Sergeant Cohen's War: A Memoir of Victory, Liberation, and Loss
Kavon, Eli, Midstream
In our engagements in the ETO (European Theater of Operations), your valor and determination never slackened. The concerted drives of the 97th Division never faltered. While much of your work was spectacular, let me record here that the principal measure of success is attributable to the workmanship and the professional approach by all ranks to the varied tasks assigned them. As Commander of this Division, I congratulate you for the magnificent job you performed in the battle of the Ruhr Pocket and repeated in the Czechoslovakian campaign....
Even as we rejoice in victory, however, there is sadness in our hearts, for the road through the Ruhr Pocket and into Czechoslovakia is marked by crosses bearing the names of our comrades who valiantly and unselfishly gave their lives that the cause of freedom might endure and flourish.
--Brig. Gen. M.B. Halsey, from Story of the 97th Infantry Division (May 1945)
Little was left of Le Havre, a proud port city, when soldiers of the 97th U.S. Infantry Division stepped onto French soil on March 2, 1945. While marching to army headquarters for his assignment, Sergeant Paul Cohen surveyed the city's rubble--and cursed the war. He only wanted to return to Bartow Army Air Field, a paradise where a kid from Astoria, Queens could sleep in the Florida sun, slow-dance with strangers, and lead services for the local Hebrews and Jewish G.I.'s, many of whom were experiencing their first holidays away from home.
Sergeant Cohen joined a machine-gun squad at night. Basic training in a Georgia military camp prepared him for ordered war, not the chaos of battle and the whiz of tracer bullets--steel fireflies attracted to a human head like moths to a light bulb.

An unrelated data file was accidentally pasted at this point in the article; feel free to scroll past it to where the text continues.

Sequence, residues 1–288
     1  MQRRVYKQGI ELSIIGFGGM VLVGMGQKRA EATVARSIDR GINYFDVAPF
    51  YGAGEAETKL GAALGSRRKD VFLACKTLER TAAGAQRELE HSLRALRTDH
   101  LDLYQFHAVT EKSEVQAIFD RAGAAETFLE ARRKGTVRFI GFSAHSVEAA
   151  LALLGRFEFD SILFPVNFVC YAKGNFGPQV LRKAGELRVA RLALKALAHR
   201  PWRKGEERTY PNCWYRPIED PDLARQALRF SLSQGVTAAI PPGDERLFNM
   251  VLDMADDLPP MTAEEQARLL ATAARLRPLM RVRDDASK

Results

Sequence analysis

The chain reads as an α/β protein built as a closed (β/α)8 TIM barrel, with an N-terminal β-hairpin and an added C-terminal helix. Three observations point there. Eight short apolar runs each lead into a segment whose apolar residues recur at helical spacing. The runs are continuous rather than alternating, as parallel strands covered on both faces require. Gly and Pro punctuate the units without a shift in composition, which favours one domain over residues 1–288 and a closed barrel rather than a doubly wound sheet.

A soldier in Sergeant Cohen's squad approached the NCO during a break in the battle for the city of Cheb--renamed Eger against the Germans--in Bohemia.
"Sarge. I gotta question. You a Jew?"
Sergeant Cohen froze for a moment. The question startled him. He let the private continue his investigation.
"Ya see, Sarge, I'm from West Virginia. Never met a Jew in my life. Thought y'all had horns and a tail."
Sergeant Cohen recovered from the unintentional insult. "Yes, Private, I am a Jew."
"Sarge, you're a helluva nice guy to be a Jew!"
Cohen let out a bittersweet laugh. "Thanks, Private."
Czechoslovakia, Tuesday, May 8, 1945
Dear Mom, Pop, Ida and Frances,
This morning we received the announcement that the German High Command had unconditionally surrendered to the Allies, that the war was over in the entire ETO with the exception of resistance still going on in parts of Czechoslovakia and Bohemia. That is the principal reason we are still in this sector of operations cleaning out the remaining Nazis in this part of Europe. We've been taking countless numbers of prisoners all along, and we have liberated many of the Russians, Poles and other nationalities that were confined in German concentration camps, some for more than five years.
Yesterday, a group of Russians who had been imprisoned by the Nazis was freed by our outfit, and we caught their Nazi prison keepers and guards. We had the Russians guard them on their way back to the Prisoner of War compound, and you can just imagine how those Russians reacted with the tables finally turned. They made the Krauts run all of the 5 miles back to the P.W. camp and if any of them lagged behind, the Russians hit them with their rifle butts and really made them keep on moving ... We saw many Russians with either the right or left arm cut off, something they told us the Krauts had done as punishment.
We met five Jewish girls near here, the first Jews I have met since I arrived in the ETO. The Nazis had taken them from their homes in Hungary and put them in concentration camps. You can just imagine how these girls looked as they told us about the whole thing. …